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Facing Hunger

Two different photo exhibits in the US today chose to depict the painful truth about hunger in contemporary America.  One features 50 people across the country who recall or describe their experiences with the violent and unceasing pangs of starvation.  Hung at the Witte Museum in San Antonio, photographer Michael Nye’s penetrating photos are paired with audio tape recordings of the subject’s first hand suffering.

A different approach was taken by “Witness to Hunger” a website dedicated to ending childhood hunger.  Here 40 women were given 40 cameras to tell stores of their families struggles to meet basic needs while on welfare.

Two different approaches to facing the reality of hunger in our midst–getting us to understand, empathize and take action.

The question is: what is effective action to eradicate childhood hunger?  For the Board and Staff of Engaged Community Offshoots (ECO, Inc.), effective action begins with building a composting operation and starting a local urban farm.  It may not be THE answer, but is an important part of an answer, which we hope will lead to many more.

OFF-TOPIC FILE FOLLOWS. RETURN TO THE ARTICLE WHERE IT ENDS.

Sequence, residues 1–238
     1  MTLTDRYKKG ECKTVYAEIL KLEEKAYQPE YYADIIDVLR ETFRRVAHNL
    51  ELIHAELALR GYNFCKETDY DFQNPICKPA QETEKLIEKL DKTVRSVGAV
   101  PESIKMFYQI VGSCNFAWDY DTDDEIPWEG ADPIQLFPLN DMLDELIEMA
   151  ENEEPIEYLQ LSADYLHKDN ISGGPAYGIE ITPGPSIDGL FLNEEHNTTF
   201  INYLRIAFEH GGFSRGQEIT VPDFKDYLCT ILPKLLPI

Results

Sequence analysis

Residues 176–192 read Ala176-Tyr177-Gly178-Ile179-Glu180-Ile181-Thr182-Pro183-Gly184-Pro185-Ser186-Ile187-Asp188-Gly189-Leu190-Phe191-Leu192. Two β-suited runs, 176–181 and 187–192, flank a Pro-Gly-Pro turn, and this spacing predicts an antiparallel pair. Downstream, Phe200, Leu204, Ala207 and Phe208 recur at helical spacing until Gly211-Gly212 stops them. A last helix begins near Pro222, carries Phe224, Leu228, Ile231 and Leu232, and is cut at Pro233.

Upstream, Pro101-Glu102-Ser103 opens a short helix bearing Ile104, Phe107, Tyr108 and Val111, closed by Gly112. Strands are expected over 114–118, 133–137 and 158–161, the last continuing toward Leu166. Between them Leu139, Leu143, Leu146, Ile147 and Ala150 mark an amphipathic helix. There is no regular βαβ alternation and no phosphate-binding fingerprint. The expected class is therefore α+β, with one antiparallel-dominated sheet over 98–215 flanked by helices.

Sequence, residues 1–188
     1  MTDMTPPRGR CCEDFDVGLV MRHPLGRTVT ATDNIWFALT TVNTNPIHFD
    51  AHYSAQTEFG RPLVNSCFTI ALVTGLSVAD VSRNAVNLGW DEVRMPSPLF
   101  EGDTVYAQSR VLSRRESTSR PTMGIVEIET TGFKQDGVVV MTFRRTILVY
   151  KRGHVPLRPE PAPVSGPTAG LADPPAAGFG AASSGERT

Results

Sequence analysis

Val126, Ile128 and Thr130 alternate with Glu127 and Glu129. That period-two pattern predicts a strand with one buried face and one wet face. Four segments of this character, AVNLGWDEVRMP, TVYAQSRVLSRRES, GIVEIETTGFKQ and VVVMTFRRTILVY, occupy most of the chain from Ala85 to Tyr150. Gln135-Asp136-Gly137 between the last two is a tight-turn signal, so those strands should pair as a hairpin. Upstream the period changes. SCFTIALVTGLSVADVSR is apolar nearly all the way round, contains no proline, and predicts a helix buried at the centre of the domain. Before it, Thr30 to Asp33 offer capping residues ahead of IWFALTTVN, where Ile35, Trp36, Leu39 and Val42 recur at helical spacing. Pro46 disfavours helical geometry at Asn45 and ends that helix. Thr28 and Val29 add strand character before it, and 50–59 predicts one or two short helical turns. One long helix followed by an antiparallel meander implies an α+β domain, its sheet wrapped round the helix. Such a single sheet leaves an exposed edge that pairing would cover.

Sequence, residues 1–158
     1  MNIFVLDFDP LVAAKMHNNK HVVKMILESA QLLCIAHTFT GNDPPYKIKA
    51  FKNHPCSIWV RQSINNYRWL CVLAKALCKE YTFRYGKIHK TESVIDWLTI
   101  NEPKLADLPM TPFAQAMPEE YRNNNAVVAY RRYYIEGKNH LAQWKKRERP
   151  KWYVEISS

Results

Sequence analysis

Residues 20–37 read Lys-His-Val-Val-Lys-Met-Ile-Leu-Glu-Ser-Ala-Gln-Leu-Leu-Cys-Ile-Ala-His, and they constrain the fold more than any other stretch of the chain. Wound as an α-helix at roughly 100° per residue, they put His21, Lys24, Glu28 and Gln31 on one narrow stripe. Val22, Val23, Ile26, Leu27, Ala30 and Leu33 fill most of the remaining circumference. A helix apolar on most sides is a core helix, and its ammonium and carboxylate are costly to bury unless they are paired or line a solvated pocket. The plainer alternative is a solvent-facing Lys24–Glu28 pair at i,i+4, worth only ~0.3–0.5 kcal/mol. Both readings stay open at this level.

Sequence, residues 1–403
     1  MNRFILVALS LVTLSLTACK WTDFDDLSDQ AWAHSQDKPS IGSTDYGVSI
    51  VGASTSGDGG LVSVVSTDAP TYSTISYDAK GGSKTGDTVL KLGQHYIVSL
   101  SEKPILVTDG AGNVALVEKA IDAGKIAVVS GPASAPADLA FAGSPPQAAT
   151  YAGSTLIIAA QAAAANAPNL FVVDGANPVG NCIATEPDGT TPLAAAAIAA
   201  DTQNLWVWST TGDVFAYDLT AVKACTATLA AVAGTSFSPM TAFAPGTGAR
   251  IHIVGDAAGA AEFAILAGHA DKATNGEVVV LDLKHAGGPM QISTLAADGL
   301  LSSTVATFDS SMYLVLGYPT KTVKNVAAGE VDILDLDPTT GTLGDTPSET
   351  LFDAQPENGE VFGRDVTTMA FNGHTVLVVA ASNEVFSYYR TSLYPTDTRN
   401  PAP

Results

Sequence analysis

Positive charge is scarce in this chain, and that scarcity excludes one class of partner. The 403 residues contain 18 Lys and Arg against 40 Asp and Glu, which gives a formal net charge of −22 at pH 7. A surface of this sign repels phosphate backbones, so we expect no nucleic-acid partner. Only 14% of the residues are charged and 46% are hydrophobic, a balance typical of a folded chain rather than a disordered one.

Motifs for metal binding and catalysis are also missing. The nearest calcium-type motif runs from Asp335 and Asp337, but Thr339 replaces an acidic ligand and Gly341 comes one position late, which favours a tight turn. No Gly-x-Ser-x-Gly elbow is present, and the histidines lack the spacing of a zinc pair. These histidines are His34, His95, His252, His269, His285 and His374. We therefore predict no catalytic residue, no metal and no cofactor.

ECO, Inc. believes that overcoming hunger begins with rebuilding local economies and giving ordinary people greater access to locally grown nutritious food.  To us, a root cause of hunger is that urban poor people are very removed from the production, processing and distribution of food.  We do not advocate moving poor people back to rural areas and farms—instead we suggest that farms move to cities along with movement of people.

Starvation, and its ugly sister malnutrition, began to rear their ugly heads when we as a society moved away from growing and eating local food and instead put large corporate producers of processed foods– like bags of chips, hamburgers and fried chicken– in charge of our food production and distribution system.

Starvation need no longer occur if we can perfect and combine urban food growing with rural farming to provide abundant locally grown food for children in schools (via salad bars) and families in urban food deserts via famer’s markets and food coops.

We are beginning with baby steps, along with like-minded partners across the country and world, to re-examine how and where food gets grown, how much it gets processed, and how and where it gets distributed.

We are betting on the idea that a viable local food production system can produce more local jobs, feed more local people, keep more dollars circulating in the local economy, reduce food-related diseases, and yes, eventually, eliminate childhood hunger in our communities.

Margaret Morgan-Hubbard,

CEO, Engaged Community Offshoots, Inc.


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